apple pie, cheese, cow tipping, MythBusters, road trip, roots, Wisconsin
I have roots.
I’m not referring to the roots we all have, the ‘Alex Haley 70’s miniseries about his ancestors‘ kind of roots, although I was back home visiting those as well. I am talking about the emotional roots that tie me to a certain place, a place where people love me and I love them. Now, that place is whatever place my children and husband happen to be.
Pulling out of the driveway last weekend, heading out alone on a trip I really wanted to take, I could feel the roots pulling out of the ground as the car lurched over the curb. The roots ripped clear, and it hurt. It happens every time. Sigh. During the drive to the airport, I struggled to find an emotional wet paper towel to wrap around them until I could get to Wisconsin.
Once on the plane, I tucked my roots safely under the seat with my tray-table and seat-back in their upright and locked position. The nice stewardess flight safety specialist (what are they called now?) gave me a warm chocolate chip cookie, which helped.
After landing in Wisconsin, and the drive to the area where I grew up, I face the trick: my roots feel comfortable there, and they want to sink down deep once again where my parents are. And near my dear sister and her family. But then I have to rip them out all over again for the road trip back to my Now Home.
So I spent several wonderful days there, roots heeled in to the ground only miles from where my great-great-grandparents, great-grandparents and grandparents also lived. It is a beautiful area of the state, with rolling hills and a big lake. My ancestors from both sides of my family arrived from Germany to this area in 1850 or so, and the towns still reflect the hard work of those immigrants. By my generation, most people did not speak German in the home, but this article from NPR provides some interesting background on the German influence in the area. The town mentioned is an hour or two from my tiny hometown, but it is similar in many ways to the place I grew from.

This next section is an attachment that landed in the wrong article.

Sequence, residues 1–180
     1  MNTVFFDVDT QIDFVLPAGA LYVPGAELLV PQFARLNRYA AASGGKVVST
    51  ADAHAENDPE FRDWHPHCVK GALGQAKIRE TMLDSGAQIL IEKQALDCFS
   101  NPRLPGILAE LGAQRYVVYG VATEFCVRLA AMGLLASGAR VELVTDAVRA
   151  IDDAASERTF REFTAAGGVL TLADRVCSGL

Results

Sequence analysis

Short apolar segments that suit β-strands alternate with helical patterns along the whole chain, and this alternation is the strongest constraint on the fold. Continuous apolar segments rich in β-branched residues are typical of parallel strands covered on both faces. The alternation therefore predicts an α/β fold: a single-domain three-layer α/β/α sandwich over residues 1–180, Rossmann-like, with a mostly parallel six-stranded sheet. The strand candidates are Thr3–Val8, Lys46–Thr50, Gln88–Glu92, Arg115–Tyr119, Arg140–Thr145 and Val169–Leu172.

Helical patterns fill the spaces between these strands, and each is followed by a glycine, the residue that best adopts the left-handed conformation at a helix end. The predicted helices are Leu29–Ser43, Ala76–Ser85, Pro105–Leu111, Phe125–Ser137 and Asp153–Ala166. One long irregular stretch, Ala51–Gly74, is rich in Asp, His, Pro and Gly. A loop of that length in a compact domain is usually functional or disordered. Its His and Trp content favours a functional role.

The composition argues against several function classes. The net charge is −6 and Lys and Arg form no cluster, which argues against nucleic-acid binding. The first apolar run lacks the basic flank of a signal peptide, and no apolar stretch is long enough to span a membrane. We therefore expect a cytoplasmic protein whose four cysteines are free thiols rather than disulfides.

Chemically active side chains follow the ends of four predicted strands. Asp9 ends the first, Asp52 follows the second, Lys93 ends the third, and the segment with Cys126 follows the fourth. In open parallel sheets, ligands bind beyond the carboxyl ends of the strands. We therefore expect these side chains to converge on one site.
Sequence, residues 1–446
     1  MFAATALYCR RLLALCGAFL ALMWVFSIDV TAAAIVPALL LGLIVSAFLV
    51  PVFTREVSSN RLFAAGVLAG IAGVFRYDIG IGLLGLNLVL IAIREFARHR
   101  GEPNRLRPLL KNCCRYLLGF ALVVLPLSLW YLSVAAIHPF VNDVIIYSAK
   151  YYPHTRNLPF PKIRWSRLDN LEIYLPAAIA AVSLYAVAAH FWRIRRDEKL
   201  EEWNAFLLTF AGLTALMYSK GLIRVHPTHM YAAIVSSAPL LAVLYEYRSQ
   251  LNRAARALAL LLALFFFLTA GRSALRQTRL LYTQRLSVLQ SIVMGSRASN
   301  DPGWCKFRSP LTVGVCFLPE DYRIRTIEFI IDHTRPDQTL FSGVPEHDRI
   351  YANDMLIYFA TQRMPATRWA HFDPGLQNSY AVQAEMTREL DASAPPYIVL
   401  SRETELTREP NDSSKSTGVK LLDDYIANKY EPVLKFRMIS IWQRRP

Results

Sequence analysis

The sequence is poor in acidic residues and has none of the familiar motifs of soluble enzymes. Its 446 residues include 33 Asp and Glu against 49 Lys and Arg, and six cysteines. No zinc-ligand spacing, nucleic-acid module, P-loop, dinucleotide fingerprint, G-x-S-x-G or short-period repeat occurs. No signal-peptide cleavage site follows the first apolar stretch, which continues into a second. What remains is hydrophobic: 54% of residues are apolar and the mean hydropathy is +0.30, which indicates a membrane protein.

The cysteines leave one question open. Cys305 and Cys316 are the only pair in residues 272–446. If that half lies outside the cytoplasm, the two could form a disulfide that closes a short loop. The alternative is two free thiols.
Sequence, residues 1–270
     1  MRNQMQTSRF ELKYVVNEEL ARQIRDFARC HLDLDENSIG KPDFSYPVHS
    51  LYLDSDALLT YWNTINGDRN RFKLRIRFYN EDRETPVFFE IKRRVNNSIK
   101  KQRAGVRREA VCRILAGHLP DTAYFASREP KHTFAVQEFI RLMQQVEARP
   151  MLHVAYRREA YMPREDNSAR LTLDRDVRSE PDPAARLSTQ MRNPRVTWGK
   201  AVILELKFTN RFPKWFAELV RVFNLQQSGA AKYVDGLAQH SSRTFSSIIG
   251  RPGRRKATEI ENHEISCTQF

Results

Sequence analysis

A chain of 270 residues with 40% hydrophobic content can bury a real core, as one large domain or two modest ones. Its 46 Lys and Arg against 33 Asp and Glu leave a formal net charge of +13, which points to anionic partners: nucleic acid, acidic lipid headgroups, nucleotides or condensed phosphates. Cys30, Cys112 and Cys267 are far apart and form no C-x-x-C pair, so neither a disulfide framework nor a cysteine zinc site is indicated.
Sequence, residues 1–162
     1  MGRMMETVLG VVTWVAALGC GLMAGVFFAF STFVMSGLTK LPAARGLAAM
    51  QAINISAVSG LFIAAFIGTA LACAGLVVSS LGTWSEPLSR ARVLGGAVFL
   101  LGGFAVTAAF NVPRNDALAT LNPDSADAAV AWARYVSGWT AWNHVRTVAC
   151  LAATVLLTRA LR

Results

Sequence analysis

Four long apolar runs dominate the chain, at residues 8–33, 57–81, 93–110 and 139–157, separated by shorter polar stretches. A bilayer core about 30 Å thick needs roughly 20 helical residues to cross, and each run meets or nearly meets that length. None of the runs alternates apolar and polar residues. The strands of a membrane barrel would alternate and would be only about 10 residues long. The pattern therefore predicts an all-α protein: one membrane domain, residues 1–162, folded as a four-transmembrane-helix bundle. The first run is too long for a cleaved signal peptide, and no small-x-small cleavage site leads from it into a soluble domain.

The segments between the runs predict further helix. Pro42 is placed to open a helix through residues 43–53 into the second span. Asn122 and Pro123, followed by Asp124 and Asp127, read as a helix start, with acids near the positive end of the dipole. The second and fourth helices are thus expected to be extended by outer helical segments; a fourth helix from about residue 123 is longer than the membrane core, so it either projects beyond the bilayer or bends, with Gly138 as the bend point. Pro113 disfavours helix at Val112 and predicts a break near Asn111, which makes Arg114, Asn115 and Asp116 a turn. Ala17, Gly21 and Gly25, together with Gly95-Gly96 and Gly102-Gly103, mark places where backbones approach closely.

On a less historical note, here is one quote from the weekend:
“Apple pie without cheese is like a kiss without a squeeze.” Because, you know, June IS dairy month. I love that place!
When people (from other parts of the country, clearly) find out where I’m from, they sometimes joke about cows, and ask about ‘cow tipping’. Hmmm. I never tipped a cow, nor do I think I knew anyone that tipped cows. (Did I, folks?) It sounds like something our buddies at MythBusters should look into, an urban myth dissing Elsie and all her fine bovine friends. Don’t try to tip a cow, that’s today’s rule of thumb.
As expected, I felt like a college freshman again when it came time to say goodbye and give the you-know-whats a good rip. I wrapped them up and considered myself lucky that I have two places that feel so much like home.
I grew up in Tennessee and, although I was aware of the concept of cow-tipping, I never participated nor did I know of anyone else who did. Ironically the only person I’ve met who professes personal experience in such things is an extremely rich gentleman from New England. Not exactly the type you’d picture out in a cow pasture under any circumstances!!!
I can relate to the root thing. Ironically it’s the small town I spent summers in (in MN) that tugs at my heartstrings, even more so than the Southern city I grew up in. When I go back “up North” every summer, I start mourning the fact that I will have to leave soon almost before the vacation has begun. But when I get back to OH, that feels like home too.
I grew up in Ohio. I have seen a cow tipped. I have also seen what happens when one misjudges the distance away from said cow that the resident bull is standing at the time your less than sober friends tip the afore mentioned cow.
I will leave the rest to your fertile imagination.
I loved the visual of the “wet paper towel” ….how many times have I left a garage sale or plant sale with small uprooted plants wrapped in some wet substance to keep them clinging to life until I could place them once again into the rich earth that we all stand on every day and mostly take for granted…..
It must just be Ohio cows… probably not though. Today’s rule of thumb: never underestimate the depth of a cowpie.
They’re called Flight Attendants. (It’s a mistake you want to avoid if you hope for a refill of your drink…)
I don’t know if it is still on the books, but at one point there was a law in Wisconsin that restaurants had to serve a slice of cheese with apple pie.
Like you, I never heard of cow tipping until coming east (or at least until leaving WI); I guess we know the value of a cow, and treat it with care. (Or know the danger of lurking in a cow pasture after dark where it is hard to watch your step…)
Funny how despite being gone longer than you were there, those roots definitely sink back in quickly!
Tom, if the slice of cheese isn’t a law, it should be.